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Employee Communities – Part 1: How professionals with a digital mindset work

Denmark, 1998. Lego Mindstorms, a series of customizable and hardware-controllable robots, hits the market. It doesn’t take long for the first adult Lego fans to hack the software and start customizing the robots to their liking. The results are presented on users’ own websites and forums. Lego has two options:

  1. Proceed legally against the hackers or
  2. Invite them to work together on products.

Lego opts for the latter – and thus, unplanned, initiates a customer community.


Today, 20 years later, communities are gaining ground in very different contexts, whether it’s analog via coworking spaces and social movements (such as Fridays for Future) or virtual via social networks and forums. Communities often combine virtual networking with offline formats.

What makes such a community?

  • Members have similar interests.
  • They communicate at eye level.
  • They adhere to certain rules and values ​​(disregarding this leads to exclusion from the community).
  • The community is basically open to everyone.

The currency in communities is exchange among members. It brings added value to each and every one of them in the form of new information, new knowledge, advice, inspiration and collaboration – that is, what knowledge management in companies is aiming for. Or rather, should aim for. What customer communities are for product development, employee communities are for knowledge management in companies.

Why Should Companies Promote the Development of Employee Communities?

Professionals with a digital mindset find it difficult to fit into fixed, hierarchical structures. They are accustomed to sharing their thoughts and ideas with others, informing themselves through various channels, and quickly communicating with people from their network. A new contact is often just a click or intro through a person on the network away. They act on the conviction that only with openness and inclusion of different perspectives can something good come about – also because they have experienced it exactly like that many times before. They are team players. Isn’t that exactly what companies need more of than ever?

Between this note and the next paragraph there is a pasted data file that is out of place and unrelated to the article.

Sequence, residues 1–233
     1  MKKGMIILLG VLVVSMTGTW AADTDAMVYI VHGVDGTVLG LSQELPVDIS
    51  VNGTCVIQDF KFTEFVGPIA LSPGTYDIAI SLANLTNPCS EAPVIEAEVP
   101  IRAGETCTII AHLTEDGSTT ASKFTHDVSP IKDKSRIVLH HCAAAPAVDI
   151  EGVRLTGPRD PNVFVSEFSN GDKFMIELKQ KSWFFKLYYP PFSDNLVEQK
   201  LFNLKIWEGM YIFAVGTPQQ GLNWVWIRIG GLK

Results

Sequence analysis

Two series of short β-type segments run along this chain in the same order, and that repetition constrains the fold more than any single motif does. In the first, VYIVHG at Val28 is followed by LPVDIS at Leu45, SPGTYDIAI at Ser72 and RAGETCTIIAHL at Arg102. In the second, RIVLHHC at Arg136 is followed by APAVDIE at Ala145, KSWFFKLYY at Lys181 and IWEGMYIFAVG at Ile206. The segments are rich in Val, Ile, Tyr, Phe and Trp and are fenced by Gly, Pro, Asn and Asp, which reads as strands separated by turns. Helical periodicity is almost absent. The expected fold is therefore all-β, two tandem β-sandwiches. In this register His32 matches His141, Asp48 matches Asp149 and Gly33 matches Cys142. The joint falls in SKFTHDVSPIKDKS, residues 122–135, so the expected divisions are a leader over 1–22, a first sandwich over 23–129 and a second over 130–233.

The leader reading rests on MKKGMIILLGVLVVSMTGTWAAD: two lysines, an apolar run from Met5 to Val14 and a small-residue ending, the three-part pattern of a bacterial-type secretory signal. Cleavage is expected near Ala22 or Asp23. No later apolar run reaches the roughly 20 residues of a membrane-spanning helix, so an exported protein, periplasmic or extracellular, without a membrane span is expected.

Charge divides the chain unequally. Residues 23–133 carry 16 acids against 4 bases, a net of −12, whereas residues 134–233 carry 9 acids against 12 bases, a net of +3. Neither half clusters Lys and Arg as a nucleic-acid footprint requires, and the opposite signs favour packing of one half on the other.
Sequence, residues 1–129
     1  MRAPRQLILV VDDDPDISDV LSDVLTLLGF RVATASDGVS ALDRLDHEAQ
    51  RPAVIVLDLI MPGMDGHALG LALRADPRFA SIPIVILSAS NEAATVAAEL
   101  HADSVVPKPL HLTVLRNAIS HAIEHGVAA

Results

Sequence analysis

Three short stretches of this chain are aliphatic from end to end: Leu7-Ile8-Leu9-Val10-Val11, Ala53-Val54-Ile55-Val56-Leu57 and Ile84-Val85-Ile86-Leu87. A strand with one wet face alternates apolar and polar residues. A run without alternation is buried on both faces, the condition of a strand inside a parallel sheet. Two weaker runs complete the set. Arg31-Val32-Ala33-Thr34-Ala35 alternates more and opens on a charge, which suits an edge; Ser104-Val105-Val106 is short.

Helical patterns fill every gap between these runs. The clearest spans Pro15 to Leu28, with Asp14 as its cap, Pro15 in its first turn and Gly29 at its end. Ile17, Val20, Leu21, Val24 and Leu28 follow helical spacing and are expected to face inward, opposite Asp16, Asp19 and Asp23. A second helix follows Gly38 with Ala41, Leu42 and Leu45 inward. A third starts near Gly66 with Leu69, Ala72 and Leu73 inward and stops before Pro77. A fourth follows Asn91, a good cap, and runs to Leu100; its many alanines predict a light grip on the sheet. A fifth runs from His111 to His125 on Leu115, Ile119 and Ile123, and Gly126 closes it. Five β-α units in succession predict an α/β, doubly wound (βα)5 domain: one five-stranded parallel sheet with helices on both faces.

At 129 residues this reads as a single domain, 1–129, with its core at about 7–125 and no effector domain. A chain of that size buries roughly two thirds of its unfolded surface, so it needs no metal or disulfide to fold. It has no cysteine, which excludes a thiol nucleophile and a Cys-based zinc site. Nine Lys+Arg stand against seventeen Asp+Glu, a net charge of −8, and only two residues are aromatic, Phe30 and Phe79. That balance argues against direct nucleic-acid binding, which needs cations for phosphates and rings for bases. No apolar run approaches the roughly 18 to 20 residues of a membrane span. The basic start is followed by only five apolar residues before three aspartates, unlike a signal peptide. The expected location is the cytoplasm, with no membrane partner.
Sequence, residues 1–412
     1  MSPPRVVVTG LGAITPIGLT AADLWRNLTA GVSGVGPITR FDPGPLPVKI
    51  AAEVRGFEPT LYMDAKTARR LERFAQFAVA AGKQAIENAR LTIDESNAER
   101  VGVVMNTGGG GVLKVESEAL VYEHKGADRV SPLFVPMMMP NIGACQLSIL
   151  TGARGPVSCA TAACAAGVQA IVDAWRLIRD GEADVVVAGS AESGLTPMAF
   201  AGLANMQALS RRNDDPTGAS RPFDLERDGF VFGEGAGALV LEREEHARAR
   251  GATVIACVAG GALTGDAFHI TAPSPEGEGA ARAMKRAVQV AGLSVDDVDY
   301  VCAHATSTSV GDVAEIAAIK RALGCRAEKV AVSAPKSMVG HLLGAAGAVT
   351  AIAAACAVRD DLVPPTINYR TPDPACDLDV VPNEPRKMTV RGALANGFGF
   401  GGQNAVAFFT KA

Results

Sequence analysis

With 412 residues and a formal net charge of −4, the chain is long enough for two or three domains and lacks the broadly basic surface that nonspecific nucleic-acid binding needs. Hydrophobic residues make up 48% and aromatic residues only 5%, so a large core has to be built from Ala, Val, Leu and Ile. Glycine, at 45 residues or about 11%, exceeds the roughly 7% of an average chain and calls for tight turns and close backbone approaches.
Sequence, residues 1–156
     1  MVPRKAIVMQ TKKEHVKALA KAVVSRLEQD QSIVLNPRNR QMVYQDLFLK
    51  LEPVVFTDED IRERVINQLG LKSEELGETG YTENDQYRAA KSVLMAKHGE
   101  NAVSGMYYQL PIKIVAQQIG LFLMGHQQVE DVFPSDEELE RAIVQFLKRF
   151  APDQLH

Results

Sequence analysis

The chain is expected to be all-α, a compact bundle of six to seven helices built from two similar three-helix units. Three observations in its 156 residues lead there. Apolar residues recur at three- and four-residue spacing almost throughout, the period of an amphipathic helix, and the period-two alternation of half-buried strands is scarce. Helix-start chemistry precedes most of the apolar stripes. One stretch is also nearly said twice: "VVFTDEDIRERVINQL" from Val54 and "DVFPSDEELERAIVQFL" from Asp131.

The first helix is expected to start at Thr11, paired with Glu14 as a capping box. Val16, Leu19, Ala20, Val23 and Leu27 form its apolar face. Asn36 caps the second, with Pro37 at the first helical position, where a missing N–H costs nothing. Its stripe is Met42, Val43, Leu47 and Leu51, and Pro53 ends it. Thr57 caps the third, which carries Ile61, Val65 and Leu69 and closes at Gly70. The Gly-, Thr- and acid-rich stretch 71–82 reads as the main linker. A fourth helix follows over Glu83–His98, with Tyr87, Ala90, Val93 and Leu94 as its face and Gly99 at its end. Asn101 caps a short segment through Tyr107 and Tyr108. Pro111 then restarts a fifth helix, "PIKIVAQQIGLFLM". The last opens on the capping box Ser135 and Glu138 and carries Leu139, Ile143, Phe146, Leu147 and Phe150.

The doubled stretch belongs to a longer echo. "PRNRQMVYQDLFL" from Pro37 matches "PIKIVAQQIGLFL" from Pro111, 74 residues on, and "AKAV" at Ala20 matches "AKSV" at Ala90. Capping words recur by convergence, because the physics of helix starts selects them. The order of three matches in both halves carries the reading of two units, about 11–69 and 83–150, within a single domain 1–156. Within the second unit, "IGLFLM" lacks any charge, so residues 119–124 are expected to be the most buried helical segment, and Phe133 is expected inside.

Then it’s time to rethink!

The idea that only a certain person in a certain position with certain skills and certain access rights to information can solve a complex problem has had its day! The best solutions emerge when people come together from completely different walks of life and experiences, and, moreover, have the freedom to translate their ideas into concrete action.

Build Employee Communities: Where to Start?

Of course, employee communities are not an end in and of themselves. They should serve the employees and the company. In the beginning, there is the question of WHY – Why do we want to work in a more networked way? What do we hope for? What kind of networking do we need in order to work well? These questions should also, above all, be asked by people who are part of, or want to become part of, a community. On this basis, very different communities can form in a company, such as:

  1. Communities with people in special stages of life; e.g., parents or senior citizens
  2. Skill-related communities; e.g., marketing or IT
  3. Thematic communities; e.g., sustainability or leadership

Themes and needs can change again and again; communities can be formed or disappear. All the more important are tools that make it easy for employees to build communities. For example, automated matching makes it easy to find and connect people with similar issues and interests in a business. Combined with good community management and formats that promote exchange beyond virtual communication, this creates a lot of room for creativity and innovation.

What Characterizes an Employee Community?

  • Your members have similar (professional) interests, work areas and/or living environments.
  • They communicate quickly and easily within the community, online and offline.
  • The communities are open to everyone, regardless of position or department.
  • The members share the values of the company and act as amplifiers in the community.
  • They are often well networked outside of the community, gaining inspiration, knowledge and advice through a variety of internal and external channels and transferring this information to the company.

And Lego? It’s still the largest toy manufacturer in the world. So, it pays to question previous paradigms and be open to new ways of doing things.

Our matching software supports internal corporate community building by bringing employees together for a wide variety of work models and tasks. You are welcome to book a web demo to gain insight into our 18 areas of use.

By the way: This is the first part of our mini-series on “Employee Communities.” Click here to read part 2. Don’t want to miss an article? Then sign up for our newsletter!

 

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